MOSCOW - Russia was ready to bring its nuclear weapons into a state of alert during last year's tensions over the Crimean Peninsula and the overthrow of Ukraine's leader, President Vladimir Putin said in remarks aired on Sunday.

Putin also expanded on an admission that the armed forces in unmarked uniforms who took control of Ukrainian military facilities in Crimea were Russian soldiers.

Putin's comments, in a documentary being shown on state TV, highlight the extent to which alarm spread in Russia following Ukrainian President Viktor Yanukovych's ouster in February 2014 after months of street protests that turned increasingly violent.

The documentary comes as speculation swirls about Putin's 10-day absence from public view. On Monday, he will meet with the president of Kyrgyzstan in an event covered by the news media, which would be his first appearance before journalists since March 5.

After Yanukovych fled Kiev, eventually surfacing in Russia, separatist sentiment soared in Crimea, the Black Sea peninsula dominated by ethnic Russians.

Russian forces took control of Ukrainian military facilities on the peninsula and a referendum on secession was called. The referendum, which was widely denounced in the West as illegitimate, reportedly brought overwhelming support for secession. Russia annexed Crimea on March 19, 2014.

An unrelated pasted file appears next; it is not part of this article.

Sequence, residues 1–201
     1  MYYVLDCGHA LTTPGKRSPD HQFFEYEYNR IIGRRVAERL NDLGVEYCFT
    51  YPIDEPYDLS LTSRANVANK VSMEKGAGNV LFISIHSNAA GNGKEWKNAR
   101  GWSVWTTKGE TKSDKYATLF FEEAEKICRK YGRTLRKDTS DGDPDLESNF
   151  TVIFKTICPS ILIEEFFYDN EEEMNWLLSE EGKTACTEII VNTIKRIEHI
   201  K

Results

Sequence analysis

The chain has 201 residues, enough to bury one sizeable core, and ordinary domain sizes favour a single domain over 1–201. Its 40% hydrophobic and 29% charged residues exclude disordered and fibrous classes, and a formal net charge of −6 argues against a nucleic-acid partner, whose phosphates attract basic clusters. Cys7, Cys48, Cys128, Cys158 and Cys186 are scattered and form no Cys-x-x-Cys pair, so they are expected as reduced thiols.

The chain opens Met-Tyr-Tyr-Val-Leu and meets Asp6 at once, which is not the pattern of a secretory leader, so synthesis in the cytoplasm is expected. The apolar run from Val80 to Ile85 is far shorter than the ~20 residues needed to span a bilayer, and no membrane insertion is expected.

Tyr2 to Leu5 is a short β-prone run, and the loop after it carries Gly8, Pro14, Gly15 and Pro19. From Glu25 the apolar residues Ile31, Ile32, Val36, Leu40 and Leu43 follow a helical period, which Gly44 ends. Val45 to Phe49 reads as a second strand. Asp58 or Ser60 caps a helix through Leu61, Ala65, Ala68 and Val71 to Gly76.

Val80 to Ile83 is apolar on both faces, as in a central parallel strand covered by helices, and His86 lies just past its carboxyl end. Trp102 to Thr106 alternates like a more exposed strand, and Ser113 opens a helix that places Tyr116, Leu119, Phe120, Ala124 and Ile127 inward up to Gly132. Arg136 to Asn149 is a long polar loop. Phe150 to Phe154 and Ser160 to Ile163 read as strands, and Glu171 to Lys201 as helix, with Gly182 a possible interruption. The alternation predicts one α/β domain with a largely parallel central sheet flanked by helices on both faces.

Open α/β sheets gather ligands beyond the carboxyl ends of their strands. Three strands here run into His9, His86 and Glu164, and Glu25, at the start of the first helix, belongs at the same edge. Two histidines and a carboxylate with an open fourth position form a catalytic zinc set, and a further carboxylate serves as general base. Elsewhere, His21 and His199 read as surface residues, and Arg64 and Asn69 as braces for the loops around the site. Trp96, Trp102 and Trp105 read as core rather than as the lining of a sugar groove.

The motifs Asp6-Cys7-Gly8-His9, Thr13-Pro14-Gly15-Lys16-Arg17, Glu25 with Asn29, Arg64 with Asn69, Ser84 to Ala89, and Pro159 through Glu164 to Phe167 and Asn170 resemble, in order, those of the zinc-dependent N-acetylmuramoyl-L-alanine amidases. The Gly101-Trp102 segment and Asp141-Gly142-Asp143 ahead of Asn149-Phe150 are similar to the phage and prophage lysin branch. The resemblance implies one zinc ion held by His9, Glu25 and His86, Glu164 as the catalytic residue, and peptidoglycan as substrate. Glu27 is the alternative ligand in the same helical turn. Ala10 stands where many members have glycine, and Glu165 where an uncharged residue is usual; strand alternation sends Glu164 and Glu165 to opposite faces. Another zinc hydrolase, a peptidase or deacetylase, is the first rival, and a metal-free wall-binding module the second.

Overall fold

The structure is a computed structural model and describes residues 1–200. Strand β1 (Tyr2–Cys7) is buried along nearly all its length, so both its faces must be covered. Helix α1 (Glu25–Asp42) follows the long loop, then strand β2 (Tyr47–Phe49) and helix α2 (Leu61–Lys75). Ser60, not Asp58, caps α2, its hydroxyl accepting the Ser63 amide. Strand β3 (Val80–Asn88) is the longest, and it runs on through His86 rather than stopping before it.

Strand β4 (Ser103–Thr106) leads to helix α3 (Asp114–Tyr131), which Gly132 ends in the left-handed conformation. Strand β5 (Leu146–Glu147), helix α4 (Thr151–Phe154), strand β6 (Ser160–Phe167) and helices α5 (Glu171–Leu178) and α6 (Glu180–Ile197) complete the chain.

In the documentary, which marks a year since the referendum, Putin says of the nuclear preparedness, "We were ready to do this . . . [Crimea] is our historical territory. Russian people live there. They were in danger. We cannot abandon them."

The comments were reported on the state broadcaster's website after its transmission in the Russian Far East and before it appeared on the air in Moscow.

Putin said his plans for a Crimean operation started after Yanukovych fled. "We never thought about severing Crimea from Ukraine until the moment that these events began, the government overthrow," he said, repeating Russia's contention that Yanukovych was the victim of a coup.

Russia initially denied that the unmarked forces who took control in Crimea were Russian, but Putin later admitted they were. In the documentary, he said he ordered the defense ministry to deploy military intelligence special forces, marines, and paratroopers "under the cover of strengthening the protection of our military facilities."